my $top10 = Thread::Queue->new;
my $users = ...; # each thread gets a copy of this data

my @threads = map threads->create(\&worker, $_), [0, int($#$users/2)], [int($#$users/2)+1, $#users];

# process output from the threads
while (defined(my $ret = $top10->dequeue)) {
  my ($user, @top10) = @$ret;

$_->join for @threads;

sub worker {
  my ($from, $to) = @_;
  for my $i ($from .. $to) {
    my $userA = $users->[$i];
    for $userB (@$users) {
    my @top10 = ...;
    $top10->enqueue([ $userA, @top10 ]); # yield data to the main thread

You should probably return your output via a queue (as shown here), but do as much processing as possible inside the threads. With more advanced partitioning of the workload, should spawn as many threads as you have processors available.

But if any kind of pipelining, filtering or caching can decrease the number of iterations needed in the nested loops, you should do such optimizations (think map-reduce-style programming).

Edit: Elegantly reducing complexity through hashes for deduplication

What we are essentially doing is calculating a matrix of how good our records match, e.g.

  X Y Z
X 9 4 5
Y 3 9 2
Z 5 2 9

If we assume that X is similar to Y implies Y is similar to X, then the matrix is symmetric, and we only need half of it:

  X Y Z
X \ 4 5
Y   \ 2
Z     \

Such a matrix is equivalent to a weighted, undirected graph:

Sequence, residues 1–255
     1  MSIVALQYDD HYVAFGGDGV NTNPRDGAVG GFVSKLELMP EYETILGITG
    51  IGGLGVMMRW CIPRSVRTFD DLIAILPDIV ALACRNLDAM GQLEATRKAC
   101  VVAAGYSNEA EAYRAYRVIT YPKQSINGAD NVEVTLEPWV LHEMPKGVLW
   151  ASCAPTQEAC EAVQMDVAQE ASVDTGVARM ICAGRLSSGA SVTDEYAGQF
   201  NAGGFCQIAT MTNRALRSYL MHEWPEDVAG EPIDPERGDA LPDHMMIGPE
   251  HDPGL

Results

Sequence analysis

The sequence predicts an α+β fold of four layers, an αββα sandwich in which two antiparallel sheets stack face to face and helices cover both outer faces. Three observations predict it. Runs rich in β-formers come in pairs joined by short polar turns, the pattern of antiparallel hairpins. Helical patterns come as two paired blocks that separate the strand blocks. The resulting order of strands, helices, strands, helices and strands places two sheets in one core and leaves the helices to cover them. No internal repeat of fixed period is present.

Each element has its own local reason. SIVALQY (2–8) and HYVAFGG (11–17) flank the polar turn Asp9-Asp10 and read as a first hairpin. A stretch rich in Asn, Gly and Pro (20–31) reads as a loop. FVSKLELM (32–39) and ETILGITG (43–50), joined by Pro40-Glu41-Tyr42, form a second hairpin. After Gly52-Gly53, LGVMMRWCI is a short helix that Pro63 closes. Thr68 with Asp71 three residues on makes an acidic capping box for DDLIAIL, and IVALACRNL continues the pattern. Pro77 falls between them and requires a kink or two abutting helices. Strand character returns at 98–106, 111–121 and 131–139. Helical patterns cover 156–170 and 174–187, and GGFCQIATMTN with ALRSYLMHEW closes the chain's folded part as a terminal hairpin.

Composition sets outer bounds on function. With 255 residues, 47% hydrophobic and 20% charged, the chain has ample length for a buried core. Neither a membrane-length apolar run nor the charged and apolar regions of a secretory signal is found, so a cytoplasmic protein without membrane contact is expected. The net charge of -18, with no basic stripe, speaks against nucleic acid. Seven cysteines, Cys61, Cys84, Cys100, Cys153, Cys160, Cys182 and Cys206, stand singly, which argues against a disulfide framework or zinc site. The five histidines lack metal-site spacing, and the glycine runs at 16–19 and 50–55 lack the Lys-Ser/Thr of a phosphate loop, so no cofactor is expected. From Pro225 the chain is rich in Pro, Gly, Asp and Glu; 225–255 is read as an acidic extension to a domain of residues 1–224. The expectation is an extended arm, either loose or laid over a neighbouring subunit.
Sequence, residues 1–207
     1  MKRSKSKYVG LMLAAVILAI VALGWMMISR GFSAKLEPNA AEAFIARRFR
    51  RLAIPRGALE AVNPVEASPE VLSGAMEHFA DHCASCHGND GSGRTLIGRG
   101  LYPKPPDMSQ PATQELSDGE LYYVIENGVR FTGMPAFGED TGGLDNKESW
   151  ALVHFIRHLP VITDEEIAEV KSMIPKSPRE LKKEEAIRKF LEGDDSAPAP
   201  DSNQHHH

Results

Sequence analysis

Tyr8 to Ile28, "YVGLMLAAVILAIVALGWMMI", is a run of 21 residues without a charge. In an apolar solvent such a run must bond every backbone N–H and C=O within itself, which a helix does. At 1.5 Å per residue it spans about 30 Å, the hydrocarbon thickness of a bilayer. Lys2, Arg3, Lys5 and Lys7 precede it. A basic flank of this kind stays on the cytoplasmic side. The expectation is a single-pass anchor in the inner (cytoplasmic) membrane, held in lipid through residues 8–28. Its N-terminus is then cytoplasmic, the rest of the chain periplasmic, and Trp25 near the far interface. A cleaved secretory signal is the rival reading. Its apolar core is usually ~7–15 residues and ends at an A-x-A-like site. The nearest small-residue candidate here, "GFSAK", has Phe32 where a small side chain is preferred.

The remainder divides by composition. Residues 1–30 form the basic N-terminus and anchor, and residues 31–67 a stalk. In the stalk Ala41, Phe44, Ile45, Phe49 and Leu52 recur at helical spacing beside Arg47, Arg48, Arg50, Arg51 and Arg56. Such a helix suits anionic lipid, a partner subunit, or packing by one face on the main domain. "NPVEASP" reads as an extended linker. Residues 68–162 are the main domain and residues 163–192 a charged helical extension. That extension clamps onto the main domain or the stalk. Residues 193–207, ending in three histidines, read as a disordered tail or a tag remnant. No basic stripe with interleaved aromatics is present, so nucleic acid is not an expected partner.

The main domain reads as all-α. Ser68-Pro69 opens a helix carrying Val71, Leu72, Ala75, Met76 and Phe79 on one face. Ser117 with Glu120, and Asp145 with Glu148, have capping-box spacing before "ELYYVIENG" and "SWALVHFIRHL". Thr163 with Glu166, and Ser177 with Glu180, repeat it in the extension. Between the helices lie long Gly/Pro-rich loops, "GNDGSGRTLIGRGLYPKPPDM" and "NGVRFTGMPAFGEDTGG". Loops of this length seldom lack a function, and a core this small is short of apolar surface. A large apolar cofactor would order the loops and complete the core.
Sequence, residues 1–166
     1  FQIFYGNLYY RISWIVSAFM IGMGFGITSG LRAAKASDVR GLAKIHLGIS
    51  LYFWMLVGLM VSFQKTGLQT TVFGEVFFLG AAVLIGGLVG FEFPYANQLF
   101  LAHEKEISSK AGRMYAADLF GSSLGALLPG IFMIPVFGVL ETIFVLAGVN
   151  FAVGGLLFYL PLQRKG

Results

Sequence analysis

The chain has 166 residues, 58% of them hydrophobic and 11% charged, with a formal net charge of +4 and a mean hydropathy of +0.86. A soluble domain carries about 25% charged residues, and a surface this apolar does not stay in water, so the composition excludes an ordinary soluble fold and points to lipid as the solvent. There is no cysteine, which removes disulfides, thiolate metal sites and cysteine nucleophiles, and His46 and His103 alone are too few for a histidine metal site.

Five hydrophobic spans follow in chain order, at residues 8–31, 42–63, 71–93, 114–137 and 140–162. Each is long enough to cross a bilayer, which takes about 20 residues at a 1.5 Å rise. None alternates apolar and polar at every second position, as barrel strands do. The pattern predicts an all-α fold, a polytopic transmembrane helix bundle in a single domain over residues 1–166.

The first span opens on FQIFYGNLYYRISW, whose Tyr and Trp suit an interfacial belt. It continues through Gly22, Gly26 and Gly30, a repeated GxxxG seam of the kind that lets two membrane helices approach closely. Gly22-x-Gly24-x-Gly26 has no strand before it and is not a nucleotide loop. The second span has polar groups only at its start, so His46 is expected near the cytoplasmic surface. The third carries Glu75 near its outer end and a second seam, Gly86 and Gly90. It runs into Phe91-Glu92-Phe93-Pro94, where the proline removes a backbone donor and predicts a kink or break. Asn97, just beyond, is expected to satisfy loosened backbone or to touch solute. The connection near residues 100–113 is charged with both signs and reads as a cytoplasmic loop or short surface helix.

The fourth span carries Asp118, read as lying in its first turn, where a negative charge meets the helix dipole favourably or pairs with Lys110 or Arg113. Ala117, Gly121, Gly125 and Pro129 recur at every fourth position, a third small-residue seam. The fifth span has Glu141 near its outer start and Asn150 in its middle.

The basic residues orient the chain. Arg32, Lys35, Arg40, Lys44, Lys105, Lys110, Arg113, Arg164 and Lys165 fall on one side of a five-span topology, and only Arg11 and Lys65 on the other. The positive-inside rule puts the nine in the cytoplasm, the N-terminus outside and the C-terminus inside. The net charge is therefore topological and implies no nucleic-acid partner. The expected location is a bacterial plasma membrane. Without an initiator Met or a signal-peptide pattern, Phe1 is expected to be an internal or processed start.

4  X  5   |  X – Y: 4
  / \     |  X – Z: 5
 Y---Z    |  Y – Z: 2
   2      |

Therefore, we can represent it elegantly as a hash of hashes:

my %graph;
$graph{X}{Y} = 4;
$graph{X}{Z} = 5;
$graph{Y}{Z} = 2;

However, such a hash structure implies a direction (from node X to node Y). To make querying the data easier, we might as well include the other direction too (due to the implementation of hashes, this won't lead to a large memory increase).

$graph{$x}{$y} = $graph{$y}{$x} += 2;

Because each node is now only connected to those nodes it is similar to, we don't have to sort through 50,000 records. For the 100th record, we can get the ten most similar nodes like

my $node = 100;
my @top10 = (sort { $graph{$node}{$b} <=> $graph{$node}{$a} } keys %{ $graph{$node} })[0 .. 9];

This would change the implementation to

my %graph;

# build the graph, using the array indices as node ID
for my $i (0 .. $#$users) {
  my $userA = $users->[$i];
  for my $j ($i+1 .. $#$users) {
    my $userB = $users->[$j];
    if ($userA->[NAME] eq $userB->[NAME]) {
        $graph{$j}{$i} = $graph{$i}{$j} += 10;
    } elsif ((length($userA->[NAME]) > 2) && (length($userB->[NAME]) > 2))
        $graph{$j}{$i} = $graph{$i}{$j} += 5
          if -1 != index $userA->[NAME], $userB->[NAME]
          or -1 != index $userB->[NAME], $userA->[NAME];
    if ($userA->[ADDRESS] eq $userB->[ADDRESS]) {
        ..... # More checks

# the graph is now fully populated.

# do somethething with each top10
while (my ($node_id, $similar) = each %graph) {